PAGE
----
“Watch your speed. This is a school zone,” Marzena said.
The two story red brick building housed Al Purdy Elementary public school, named after one of Canada’s greatest poets.
I glanced at the speedometer and noticed that I was doing a shade over forty. I slowed down to twenty-five clicks while trying to remember the opening lines of Purdy’s Listening to Myself. Something about staggering, blocks of wood, snow, and—
“Look out!” Marzena slammed on the pedal of the duplicate brakes on her side of the car. Some kids were playing ball hockey in the school yard during their morning recess. The ball had rolled onto the street, and an eager kid darted out after it. The car lurched to a stop about a foot and a half from a boy holding a hockey stick. From the look on his face, I’d bet that he’d limit his future sports involvement to yelling at the television.
“Man, did you see that?” he yelled.
“Wow, that was close,” said the kid who had just grabbed the ball.
“Everybody’s okay?” I asked as I lowered the driver’s side window.
The boys all nodded and trotted off. Even though they were okay, I most certainly wasn’t. The argument with Derek last night, plus the threatening phone call, and the break-in at my office were seriously messing with my head, plus I’d only had about two hours of sleep.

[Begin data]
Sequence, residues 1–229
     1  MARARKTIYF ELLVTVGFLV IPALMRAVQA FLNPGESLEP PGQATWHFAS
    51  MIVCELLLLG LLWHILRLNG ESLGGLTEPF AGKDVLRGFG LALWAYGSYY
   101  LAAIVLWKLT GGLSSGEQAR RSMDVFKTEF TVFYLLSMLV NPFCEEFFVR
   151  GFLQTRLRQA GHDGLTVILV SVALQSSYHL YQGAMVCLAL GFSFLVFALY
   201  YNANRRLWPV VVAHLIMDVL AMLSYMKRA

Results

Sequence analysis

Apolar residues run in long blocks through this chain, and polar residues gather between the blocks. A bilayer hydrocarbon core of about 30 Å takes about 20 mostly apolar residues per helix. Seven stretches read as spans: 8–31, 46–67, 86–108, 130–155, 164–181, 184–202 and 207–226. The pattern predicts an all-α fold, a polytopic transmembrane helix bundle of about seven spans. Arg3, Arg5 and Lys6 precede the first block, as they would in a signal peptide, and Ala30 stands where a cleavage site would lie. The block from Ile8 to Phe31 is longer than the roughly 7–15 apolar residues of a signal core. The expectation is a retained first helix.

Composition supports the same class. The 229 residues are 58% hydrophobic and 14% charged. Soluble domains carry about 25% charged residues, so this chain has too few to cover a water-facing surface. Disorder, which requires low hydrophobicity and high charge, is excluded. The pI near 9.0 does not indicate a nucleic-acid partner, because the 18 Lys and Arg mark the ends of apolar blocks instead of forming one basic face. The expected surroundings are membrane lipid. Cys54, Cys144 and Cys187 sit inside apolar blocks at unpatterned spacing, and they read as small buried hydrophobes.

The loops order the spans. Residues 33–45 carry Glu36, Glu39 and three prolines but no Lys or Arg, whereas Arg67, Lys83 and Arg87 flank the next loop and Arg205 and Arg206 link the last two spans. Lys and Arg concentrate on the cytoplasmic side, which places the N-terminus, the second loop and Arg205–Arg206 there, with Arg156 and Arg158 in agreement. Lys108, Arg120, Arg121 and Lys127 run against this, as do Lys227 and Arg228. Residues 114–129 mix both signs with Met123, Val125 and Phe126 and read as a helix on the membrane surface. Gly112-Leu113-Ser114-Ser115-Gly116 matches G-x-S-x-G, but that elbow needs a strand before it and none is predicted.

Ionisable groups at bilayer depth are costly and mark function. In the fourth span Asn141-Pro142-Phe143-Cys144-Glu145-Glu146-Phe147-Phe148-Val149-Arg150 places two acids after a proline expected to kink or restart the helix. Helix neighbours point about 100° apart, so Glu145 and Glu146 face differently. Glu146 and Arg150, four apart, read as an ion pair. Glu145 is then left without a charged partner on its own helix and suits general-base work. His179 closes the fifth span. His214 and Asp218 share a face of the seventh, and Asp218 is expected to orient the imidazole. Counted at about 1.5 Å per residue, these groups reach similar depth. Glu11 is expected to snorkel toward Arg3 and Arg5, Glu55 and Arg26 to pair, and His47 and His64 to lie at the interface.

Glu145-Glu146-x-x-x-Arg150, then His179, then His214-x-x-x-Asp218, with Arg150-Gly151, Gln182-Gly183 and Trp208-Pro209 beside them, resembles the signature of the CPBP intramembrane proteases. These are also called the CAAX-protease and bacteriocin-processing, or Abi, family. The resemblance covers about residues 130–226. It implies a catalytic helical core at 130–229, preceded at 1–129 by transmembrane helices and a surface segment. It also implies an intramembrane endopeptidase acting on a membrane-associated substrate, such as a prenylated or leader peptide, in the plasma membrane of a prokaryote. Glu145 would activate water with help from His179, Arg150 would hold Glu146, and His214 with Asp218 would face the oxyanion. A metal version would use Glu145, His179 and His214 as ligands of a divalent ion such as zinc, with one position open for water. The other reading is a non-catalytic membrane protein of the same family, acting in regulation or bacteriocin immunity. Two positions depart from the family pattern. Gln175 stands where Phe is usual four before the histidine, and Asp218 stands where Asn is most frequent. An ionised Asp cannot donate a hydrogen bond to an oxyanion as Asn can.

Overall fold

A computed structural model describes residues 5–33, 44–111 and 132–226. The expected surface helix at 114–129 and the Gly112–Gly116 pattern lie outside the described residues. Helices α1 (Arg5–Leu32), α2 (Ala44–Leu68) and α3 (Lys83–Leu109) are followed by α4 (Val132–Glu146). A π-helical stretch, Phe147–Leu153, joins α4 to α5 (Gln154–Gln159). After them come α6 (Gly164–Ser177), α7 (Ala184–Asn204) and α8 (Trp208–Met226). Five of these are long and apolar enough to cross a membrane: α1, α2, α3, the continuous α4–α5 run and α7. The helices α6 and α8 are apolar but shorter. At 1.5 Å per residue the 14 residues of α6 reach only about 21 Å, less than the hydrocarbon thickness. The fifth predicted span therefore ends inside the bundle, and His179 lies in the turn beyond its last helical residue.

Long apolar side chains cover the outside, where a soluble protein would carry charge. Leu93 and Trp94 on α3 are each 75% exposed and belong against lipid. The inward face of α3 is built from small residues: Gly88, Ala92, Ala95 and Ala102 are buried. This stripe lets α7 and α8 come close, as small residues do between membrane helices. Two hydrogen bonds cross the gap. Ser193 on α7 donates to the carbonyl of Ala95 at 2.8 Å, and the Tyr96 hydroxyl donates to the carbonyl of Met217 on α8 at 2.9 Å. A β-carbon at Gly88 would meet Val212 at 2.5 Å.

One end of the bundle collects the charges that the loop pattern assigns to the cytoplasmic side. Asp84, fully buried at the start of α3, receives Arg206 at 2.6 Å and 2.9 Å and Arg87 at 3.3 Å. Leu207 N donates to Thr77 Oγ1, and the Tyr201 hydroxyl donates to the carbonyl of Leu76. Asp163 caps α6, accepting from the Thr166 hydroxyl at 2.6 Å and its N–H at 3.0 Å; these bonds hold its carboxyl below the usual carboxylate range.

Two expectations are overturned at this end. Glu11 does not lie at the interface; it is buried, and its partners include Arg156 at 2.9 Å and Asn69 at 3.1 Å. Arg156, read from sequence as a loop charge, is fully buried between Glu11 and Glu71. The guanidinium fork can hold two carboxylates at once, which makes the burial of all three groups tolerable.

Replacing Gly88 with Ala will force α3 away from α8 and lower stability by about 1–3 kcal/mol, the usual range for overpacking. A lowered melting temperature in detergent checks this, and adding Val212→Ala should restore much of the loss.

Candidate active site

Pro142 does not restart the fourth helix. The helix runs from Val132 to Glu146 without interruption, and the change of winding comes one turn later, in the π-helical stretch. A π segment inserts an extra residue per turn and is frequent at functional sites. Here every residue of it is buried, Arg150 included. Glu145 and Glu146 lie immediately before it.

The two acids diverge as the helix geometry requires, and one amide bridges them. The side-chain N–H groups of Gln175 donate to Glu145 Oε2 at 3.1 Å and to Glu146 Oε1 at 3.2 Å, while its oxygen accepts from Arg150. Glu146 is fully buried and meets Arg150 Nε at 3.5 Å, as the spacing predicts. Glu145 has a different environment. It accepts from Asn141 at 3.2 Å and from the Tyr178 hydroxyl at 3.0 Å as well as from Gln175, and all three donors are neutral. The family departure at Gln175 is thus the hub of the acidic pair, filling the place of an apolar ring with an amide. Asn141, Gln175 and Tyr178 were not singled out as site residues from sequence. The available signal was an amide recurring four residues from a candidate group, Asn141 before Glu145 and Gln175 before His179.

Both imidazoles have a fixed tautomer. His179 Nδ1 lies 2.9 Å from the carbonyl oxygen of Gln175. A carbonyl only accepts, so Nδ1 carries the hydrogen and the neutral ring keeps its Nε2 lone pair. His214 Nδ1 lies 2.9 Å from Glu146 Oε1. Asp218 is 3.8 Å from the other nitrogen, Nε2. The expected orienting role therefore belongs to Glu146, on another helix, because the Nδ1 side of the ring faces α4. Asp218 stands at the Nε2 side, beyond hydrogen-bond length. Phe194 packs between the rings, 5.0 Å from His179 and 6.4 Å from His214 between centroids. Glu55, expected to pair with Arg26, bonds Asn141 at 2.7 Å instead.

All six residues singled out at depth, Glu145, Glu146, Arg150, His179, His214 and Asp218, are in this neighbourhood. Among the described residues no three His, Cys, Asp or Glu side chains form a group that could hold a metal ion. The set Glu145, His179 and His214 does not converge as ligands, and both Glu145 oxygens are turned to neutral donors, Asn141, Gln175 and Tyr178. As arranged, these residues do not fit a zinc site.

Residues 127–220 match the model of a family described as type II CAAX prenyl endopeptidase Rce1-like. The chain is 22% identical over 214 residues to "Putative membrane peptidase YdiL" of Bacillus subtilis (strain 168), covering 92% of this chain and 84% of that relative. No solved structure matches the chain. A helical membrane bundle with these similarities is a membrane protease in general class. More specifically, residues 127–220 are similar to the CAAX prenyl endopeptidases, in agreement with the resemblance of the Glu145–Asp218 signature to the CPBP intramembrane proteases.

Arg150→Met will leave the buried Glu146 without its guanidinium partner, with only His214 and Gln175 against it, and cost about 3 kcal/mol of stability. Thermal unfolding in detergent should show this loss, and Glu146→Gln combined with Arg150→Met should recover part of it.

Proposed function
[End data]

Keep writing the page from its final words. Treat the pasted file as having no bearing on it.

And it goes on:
“That was truly terrible,” Marzena scolded. She got out of the car and walked around to the driver’s side. “Why don’t we call it a day? Where can I drop you off?”
I gave her Mick’s address.
Tuesday 11:54 am
My fingertips were frozen when I hopped off Mick’s Harley in the parking lot behind Thunder Motorcycles, a big showroom just a few blocks away from the Rogers Centre. Only a die-hard biker like Mick was still riding in mid-November, and only an idiot like me would forget to bring gloves. At least today was sunny and clear again, if chilly.
“So, what’s the story again?” Mick asked after taking off his helmet.
“You’re my boyfriend,” I said. For about a nanosecond, I kind of wished it were true.
“Not unless I get more life insurance, and name anybody but you as the beneficiary.”
“All right, so I’m your boyfriend. Allow me to compliment you on your exceptional taste in men,” he laughed.
Mick is indeed pretty easy on the eyes: tall and taut, with scruffy chestnut hair and perfect features. When we were dating, the chemistry between us was in the stratosphere, but it never lasted. It took me a long time to start thinking with my head instead of my heart, and every now and then I get a little pang when I remember how good it was when it was good. I vowed to myself that I’d never go down that road again. But pretending is okay...